Hearing Challenges

Taking Your Child to an Audiologist

If your child undergoes hearing tests at school or through their pediatrician, it can be easy to think your child doesn’t need to see an audiologist. Although for many people this is true, hearing problems during early life can have compounding effects. It’s important to catch hearing problems as soon as possible.  A comprehensive hearing test can have a tremendous, positive impact on setting your child up for success. Whether you’ve never considered taking your child to an audiologist or are wondering what to expect from an appointment, here’s what to know about why it’s important and how our Doctors of Audiology take a unique approach to your child’s hearing health.

Why are hearing tests important?

The American Academy of Pediatrics recommends that all newborns have a hearing screening within one month of life – ideally before they leave the hospital. That’s because hearing problems are one of the most common birth defects. In fact, about 1 to 3 in every 1,000 babies have hearing function outside the ideal range. Additionally, about 1 to 2 in every 100 babies will not pass the initial hearing screening performed within one month of life. If so, it’s extremely important to intervene as soon as possible.

The primary way that children learn and develop is through listening – to the sounds around them and to the conversations they have in daily life. When your child has trouble hearing, it can drastically delay their language development and ability to socialize, especially in academic settings. In fact, hearing difficulties can put your child behind their peers by whole grade levels, which can compound if your child is unable to keep up with new concepts that build on old ones. Finally, it can be extremely difficult for children to communicate what they’re experiencing, meaning it may not always be obvious.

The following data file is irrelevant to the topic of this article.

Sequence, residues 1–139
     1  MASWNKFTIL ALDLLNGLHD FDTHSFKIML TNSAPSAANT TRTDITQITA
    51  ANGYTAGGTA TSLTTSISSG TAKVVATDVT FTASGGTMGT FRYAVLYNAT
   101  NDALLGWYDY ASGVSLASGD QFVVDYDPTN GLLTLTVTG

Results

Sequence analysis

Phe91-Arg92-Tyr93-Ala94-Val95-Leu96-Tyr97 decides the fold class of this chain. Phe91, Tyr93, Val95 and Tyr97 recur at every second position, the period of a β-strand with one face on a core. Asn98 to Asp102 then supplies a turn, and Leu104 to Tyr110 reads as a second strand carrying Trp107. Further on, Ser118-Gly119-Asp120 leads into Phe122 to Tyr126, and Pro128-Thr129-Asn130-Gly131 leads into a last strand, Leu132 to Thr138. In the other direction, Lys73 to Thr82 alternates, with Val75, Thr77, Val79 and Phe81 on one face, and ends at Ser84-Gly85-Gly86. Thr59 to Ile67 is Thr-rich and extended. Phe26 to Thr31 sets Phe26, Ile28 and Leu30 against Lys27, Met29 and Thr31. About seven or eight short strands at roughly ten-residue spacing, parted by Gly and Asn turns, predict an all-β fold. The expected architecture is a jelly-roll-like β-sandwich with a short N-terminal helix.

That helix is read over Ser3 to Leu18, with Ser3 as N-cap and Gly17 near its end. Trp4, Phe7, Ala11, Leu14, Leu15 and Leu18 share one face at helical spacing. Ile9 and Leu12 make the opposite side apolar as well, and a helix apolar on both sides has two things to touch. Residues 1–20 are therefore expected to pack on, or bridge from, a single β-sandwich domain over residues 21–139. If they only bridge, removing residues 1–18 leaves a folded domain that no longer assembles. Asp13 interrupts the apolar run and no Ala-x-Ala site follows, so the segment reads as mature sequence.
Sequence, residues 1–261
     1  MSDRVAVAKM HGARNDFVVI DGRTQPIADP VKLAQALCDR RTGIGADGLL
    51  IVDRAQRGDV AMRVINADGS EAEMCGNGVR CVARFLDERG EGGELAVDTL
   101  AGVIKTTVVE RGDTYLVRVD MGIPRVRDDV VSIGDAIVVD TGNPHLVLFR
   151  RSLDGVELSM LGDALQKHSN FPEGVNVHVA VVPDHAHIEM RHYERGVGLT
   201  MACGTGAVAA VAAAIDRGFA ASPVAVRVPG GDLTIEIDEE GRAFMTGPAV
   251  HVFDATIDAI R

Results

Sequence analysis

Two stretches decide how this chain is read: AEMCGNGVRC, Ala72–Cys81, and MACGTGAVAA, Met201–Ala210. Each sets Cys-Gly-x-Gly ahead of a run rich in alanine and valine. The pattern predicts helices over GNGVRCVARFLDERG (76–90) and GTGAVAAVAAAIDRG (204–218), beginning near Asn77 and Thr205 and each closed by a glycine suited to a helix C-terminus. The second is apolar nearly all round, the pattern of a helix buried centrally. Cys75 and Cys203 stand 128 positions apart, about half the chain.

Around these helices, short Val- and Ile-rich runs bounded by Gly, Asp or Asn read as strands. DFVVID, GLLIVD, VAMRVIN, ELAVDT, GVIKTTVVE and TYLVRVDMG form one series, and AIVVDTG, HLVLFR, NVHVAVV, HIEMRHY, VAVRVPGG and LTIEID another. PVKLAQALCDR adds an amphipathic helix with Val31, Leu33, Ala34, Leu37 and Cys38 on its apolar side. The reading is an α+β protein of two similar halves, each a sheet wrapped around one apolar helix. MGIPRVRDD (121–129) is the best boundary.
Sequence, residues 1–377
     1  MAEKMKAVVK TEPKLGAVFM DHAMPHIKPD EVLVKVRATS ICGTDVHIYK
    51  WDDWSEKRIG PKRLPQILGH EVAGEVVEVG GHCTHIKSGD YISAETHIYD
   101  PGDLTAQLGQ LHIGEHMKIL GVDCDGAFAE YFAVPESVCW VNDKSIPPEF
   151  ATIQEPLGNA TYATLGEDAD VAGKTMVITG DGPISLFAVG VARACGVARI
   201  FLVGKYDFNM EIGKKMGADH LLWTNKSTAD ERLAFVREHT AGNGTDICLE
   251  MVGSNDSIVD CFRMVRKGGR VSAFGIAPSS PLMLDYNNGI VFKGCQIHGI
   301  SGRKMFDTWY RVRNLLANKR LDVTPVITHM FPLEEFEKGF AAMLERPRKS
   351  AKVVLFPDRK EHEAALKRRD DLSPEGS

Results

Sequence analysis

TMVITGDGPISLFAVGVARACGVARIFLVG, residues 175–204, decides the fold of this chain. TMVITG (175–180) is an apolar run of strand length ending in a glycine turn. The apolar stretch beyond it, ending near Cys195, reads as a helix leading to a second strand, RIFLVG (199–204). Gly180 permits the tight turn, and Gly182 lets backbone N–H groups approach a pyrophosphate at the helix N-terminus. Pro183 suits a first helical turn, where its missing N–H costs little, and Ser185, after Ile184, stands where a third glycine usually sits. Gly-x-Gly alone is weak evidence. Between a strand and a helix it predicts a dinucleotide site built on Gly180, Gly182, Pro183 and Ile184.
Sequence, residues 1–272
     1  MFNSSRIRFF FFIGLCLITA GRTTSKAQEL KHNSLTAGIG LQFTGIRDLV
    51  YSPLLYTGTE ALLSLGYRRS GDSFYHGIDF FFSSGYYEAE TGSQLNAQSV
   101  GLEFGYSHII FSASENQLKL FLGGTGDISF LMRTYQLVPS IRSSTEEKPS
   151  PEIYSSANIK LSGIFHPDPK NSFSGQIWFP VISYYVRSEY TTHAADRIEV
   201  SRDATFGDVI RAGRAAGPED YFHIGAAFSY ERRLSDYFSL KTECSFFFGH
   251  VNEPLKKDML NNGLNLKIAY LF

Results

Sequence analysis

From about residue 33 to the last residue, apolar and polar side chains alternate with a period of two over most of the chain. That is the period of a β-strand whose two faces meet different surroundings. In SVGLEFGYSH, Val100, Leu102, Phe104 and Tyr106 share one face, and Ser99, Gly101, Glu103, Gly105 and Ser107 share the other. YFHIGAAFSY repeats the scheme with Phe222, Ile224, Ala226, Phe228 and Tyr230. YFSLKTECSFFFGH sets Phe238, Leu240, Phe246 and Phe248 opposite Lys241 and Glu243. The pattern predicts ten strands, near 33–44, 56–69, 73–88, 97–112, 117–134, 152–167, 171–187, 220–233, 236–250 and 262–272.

What tests will my child have at Hearing Doctors of New Jersey?

At Hearing Doctors of New Jersey, we utilize some of the most comprehensive and effective methodologies for understanding your child’s hearing and getting treatment. Although we’ll perform comprehensive, in-office tests to determine your child’s hearing capability, we believe that involving you and your child’s support network can help us get a more complete picture of what your child needs to succeed. Here’s what you can expect from our pediatric team.

Early Listening Function (ELF)

ELF, or early listening function, is an instrument designed to include parental involvement in the child’s hearing diagnosis. In many cases, it can help present an alternative set of data gathered in a more natural and normalized environment for your Doctor of Audiology to pair with in-office tests. You’ll be given some detailed instructions to follow, including 12 listening activities to be performed in quiet, typical, and loud environments. You’ll perform certain sounds and observe your child’s response at different distances to get a better picture of your child’s “listening bubble” so we can determine their hearing range.

Children’s Home Inventory for Listening Difficulties (CHILD)